Rehearse your talk in front of a mirror, try recording it (or even videoing it) and play it back. If you're feeling really brave, post it on YouTube and invite feedback, but be warned, some people on the net aren't very nice.

It may also help your confidence to give the presentation in front of supportive members of the family or your friends.

These tips should make sure you are confident by the time you give your presentation.

English Tip # 44

27 December 2013

Use Forums Effectively

Be original

There are lots of forums out there, so try searching Google to see if someone has already written about your topic or asked that burning question.

If you are in a busy forum try the forum's own search engine to see if your question or answer has already been posted. If it has, respond to the original post instead of starting a new thread.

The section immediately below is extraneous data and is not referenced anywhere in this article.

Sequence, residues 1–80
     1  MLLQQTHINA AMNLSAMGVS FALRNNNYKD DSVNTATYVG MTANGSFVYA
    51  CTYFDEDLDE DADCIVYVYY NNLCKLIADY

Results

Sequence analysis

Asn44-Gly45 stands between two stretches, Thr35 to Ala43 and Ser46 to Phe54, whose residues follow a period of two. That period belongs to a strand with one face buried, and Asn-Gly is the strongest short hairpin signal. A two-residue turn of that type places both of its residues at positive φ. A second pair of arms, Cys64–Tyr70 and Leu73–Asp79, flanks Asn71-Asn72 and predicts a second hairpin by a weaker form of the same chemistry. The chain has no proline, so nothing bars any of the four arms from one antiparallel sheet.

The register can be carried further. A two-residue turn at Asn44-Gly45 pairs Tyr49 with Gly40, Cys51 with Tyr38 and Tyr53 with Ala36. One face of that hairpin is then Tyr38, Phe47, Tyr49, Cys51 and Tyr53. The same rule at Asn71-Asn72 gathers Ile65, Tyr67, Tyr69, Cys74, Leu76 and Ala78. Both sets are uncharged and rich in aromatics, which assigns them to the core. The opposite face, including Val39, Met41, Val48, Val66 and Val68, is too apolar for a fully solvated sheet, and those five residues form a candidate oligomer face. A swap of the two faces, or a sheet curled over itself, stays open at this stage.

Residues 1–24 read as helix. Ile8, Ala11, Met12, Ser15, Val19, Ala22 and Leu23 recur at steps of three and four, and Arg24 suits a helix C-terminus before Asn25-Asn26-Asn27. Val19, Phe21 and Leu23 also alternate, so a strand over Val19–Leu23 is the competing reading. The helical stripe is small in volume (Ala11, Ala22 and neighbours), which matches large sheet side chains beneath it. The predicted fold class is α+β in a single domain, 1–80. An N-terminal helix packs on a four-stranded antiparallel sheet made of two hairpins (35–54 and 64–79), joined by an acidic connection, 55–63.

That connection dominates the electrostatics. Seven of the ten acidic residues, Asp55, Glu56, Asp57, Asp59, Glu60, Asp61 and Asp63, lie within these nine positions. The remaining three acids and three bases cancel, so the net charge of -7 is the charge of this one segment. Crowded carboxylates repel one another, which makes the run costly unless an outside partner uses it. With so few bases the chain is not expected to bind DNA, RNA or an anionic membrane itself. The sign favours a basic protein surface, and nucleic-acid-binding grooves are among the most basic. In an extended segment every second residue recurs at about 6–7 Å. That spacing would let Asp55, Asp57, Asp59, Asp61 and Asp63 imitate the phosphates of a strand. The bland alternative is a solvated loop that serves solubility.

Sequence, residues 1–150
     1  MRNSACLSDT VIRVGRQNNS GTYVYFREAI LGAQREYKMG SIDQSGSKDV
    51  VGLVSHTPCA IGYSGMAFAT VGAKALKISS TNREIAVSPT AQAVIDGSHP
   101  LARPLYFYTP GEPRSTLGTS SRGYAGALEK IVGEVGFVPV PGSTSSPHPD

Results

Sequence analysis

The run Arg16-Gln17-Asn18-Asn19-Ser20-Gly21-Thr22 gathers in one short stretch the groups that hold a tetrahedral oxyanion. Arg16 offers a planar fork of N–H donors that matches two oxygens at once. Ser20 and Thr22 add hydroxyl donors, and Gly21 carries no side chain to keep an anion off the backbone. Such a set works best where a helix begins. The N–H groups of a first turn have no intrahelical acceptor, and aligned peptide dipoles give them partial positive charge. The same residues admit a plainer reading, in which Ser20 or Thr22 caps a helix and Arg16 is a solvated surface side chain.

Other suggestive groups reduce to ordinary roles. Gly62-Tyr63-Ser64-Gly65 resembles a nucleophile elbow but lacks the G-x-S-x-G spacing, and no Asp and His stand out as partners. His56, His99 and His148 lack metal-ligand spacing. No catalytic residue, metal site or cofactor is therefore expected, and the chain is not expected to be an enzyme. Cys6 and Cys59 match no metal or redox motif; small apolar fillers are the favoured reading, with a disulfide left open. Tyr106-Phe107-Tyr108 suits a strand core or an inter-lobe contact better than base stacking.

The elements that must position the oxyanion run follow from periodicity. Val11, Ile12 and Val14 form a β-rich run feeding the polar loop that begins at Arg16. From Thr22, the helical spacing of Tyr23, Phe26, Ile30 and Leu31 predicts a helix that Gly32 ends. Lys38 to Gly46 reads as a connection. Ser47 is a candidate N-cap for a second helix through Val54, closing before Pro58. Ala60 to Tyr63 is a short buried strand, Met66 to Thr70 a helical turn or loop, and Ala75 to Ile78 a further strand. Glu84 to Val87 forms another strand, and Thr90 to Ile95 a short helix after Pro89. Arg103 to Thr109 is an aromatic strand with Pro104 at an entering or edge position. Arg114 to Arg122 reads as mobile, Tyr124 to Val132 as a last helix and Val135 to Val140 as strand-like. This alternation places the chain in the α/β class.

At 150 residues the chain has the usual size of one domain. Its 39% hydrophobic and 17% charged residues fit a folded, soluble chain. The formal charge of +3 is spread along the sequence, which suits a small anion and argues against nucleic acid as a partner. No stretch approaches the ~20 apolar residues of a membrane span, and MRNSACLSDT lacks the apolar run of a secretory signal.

English Tip # 43

20 December 2013

Use Forums Effectively

Become a teacher yourself

The best way to learn, is to teach.

Read other posts and try to spot any errors, if you are confident enough point out the error. This way you may help someone else as well. Of course you could end up in a blazing argument, so be discrete and maybe save this tip for English learning forums.

English Tip # 42

12 December 2013

Use Forums Effectively

Optimize Your Messages

The English forum is becoming very popular. However not everyone seems to "get it". Forum is a Latin word, it was the main public square at the centre of a Roman town, which acted as the main meeting place and shopping area. Generally speaking a forum on the internet is a place to share knowledge and thoughts.

Your messages should be concise, think carefully about the content, intent, and tone. If you want to encourage people to talk with you try this five-stage process for writing your messages:

1. Get to know the forum.